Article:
Lawrence Glacy hammers away at a lichen sample.
View of Isla Santa Cruz.
Photo by Dustin Wood.
Team Botany resting. Photo by Jorge Villaviencio.
Small ranch that provided water to the research teams. Photo by Dustin Wood.
North facing wall in the Los Dolores region. Photo by Jorge Villaviencio.
Dr. José Delgadillo makes samples along cliff face. Photo by Jorge
After a few days of long hours and constant work, the majority of the
research crews stayed in camp to prepare specimens, take photographs,
and write fieldnotes. It has also given me the chance to catch up with
my own chores. Unfortunately, the satellites have not been good to me
tonight and I’ve been having technical difficulties sending today’s
daily logs off. I have to keep reminding myself that this is Baja and
things will eventually work themselves out.
I’ve asked many of the biologists to give me reports and I’ve included
them in my daily logs. While at base-camp, I’ve asked the researchers
to type up some updates on their activities. One of our specialists is
Lawrence Glacy, a mycologist from Sonoma State University, who has been
sampling the region’s lichens, algae, and fungi. Lawrence has been
hammering away at lichen-covered rocks for the last few days and his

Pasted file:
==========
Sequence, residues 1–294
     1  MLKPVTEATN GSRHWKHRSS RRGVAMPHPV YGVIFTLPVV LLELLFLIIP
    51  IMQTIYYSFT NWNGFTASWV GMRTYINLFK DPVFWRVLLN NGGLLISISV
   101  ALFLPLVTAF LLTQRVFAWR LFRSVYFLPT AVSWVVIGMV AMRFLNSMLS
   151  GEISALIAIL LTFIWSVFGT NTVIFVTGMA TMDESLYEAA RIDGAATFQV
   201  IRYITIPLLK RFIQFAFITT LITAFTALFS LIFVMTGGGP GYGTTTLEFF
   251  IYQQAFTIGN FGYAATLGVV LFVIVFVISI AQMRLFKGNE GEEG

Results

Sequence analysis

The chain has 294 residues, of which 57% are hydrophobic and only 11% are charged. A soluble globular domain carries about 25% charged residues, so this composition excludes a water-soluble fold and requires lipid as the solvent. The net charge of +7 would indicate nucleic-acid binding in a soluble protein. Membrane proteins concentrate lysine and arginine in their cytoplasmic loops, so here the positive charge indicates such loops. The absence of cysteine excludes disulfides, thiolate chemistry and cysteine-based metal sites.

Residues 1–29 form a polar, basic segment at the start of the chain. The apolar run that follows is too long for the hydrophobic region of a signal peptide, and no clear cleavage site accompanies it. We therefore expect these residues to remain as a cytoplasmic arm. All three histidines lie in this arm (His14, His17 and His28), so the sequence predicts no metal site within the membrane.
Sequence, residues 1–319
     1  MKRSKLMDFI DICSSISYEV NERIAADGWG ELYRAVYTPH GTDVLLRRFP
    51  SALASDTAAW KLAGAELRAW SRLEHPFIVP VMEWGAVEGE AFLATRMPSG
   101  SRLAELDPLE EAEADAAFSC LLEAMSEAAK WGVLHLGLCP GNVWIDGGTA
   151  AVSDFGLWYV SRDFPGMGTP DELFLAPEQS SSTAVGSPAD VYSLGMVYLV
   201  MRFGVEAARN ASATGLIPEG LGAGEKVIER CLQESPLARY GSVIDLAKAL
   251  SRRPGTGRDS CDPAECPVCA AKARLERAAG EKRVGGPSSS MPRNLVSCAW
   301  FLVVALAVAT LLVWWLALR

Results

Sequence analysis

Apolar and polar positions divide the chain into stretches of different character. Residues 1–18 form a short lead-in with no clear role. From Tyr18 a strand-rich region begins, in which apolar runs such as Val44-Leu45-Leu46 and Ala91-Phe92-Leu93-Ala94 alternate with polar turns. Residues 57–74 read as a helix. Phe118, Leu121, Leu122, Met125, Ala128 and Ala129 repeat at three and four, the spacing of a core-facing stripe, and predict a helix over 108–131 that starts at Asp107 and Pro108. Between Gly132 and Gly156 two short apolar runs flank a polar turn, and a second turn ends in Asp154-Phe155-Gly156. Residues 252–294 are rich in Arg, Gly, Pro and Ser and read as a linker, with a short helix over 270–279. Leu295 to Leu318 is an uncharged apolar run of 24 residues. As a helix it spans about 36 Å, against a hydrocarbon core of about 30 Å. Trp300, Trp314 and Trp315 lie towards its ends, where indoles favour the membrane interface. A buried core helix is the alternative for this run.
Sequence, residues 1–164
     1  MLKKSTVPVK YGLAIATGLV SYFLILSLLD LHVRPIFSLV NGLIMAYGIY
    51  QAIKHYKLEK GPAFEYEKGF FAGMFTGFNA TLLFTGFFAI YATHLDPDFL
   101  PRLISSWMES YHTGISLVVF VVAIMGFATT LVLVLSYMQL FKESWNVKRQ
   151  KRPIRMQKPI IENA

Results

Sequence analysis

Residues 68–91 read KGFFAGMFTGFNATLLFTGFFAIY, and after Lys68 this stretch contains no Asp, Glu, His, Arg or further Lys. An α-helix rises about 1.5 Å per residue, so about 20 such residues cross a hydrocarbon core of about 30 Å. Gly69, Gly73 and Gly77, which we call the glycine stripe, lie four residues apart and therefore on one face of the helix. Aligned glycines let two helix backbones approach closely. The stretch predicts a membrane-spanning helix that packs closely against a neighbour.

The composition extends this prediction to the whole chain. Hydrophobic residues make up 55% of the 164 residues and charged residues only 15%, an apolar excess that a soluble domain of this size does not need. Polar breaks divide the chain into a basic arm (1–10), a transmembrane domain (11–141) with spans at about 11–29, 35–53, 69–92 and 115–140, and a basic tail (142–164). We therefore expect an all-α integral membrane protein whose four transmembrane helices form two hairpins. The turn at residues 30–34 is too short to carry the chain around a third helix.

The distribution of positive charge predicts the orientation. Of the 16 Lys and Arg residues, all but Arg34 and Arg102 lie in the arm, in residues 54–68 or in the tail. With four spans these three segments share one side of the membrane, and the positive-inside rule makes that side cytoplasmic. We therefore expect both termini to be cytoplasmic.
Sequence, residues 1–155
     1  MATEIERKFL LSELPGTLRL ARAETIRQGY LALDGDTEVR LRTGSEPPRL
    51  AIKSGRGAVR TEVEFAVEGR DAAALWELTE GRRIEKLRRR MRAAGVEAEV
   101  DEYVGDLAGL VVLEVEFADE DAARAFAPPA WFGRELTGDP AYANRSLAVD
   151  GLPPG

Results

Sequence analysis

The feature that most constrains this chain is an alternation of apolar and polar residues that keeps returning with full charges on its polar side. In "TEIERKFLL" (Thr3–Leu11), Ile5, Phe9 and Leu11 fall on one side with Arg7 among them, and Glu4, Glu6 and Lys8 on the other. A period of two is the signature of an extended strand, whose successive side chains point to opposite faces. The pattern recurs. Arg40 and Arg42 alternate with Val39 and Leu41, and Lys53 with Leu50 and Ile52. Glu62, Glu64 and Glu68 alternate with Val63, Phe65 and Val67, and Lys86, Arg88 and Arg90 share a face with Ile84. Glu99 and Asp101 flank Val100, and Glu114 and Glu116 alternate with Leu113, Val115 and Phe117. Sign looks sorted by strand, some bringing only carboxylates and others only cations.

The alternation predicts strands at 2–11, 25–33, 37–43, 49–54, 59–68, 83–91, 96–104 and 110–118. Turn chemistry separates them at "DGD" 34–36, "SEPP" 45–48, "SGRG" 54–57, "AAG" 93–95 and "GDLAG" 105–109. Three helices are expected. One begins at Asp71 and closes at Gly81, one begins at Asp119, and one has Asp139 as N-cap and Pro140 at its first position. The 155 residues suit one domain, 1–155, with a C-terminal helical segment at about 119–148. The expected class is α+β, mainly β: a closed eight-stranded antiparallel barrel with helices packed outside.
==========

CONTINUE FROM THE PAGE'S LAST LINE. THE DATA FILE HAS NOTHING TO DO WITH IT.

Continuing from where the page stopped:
activities have been over-shadowed by some of the large research teams.
Yet, it is the little things that often drive the processes of the
The lichens collected over the past two days were principally crustose.
A few specimens collected from the bark and twigs of the local flora,
including the Ironwood tree, were easily removed. However, most of the
specimens have been attached to rocks and many of those were so adhered
to the rock that only by removing the rock could we collect the sample.
At the end of the first day, with hammer and chisel, I returned late in
the evening with approximately 35 pounds of crustose and squamulose
lichen specimens. While the determination of species will require
additional laboratory examination with chemical and microscopic
examination, a preliminary examination suggests that we have specimens
which may be included in the genus Aspiclia, Toninia, Synalissa,
Rocella, Rimelia, Xanthoria, Direna, Pseudopeltula from the first and
second days efforts.
On the third day we were able to reach a wall of conglamorate rock
material, after a four hour climb to the La Piedro Solo at 1470 meters,
where additional and numerous new specimens were collected. With the
north facing slopes providing shade, and the altitude offering
increased moisture, a great diversity of lichen were found. They likely
include some in the genus Megaspora, Melanelia, Ochrolechia, Panneria,
Pertusaria, Phaeophysia and perhaps a foliose Physia.
Lichens offer us a means to biomonitor the health the environment.
Surveying the total diversity of lichen in the Sierra de La Giganta
region is key to the success of the region’s conservation. The
potential for future applications of the work we are doing is
significant and the knowledge gained can potentially contribute to our
understanding of global warming, ecology of ecosystems, and for
assessing environmental quality by using lichen species. All of these
are due to the ease of sequestration of minerals unique to the lichen.
Update From Team Botany
On 10 November 2003 the botany team made 42 different collections in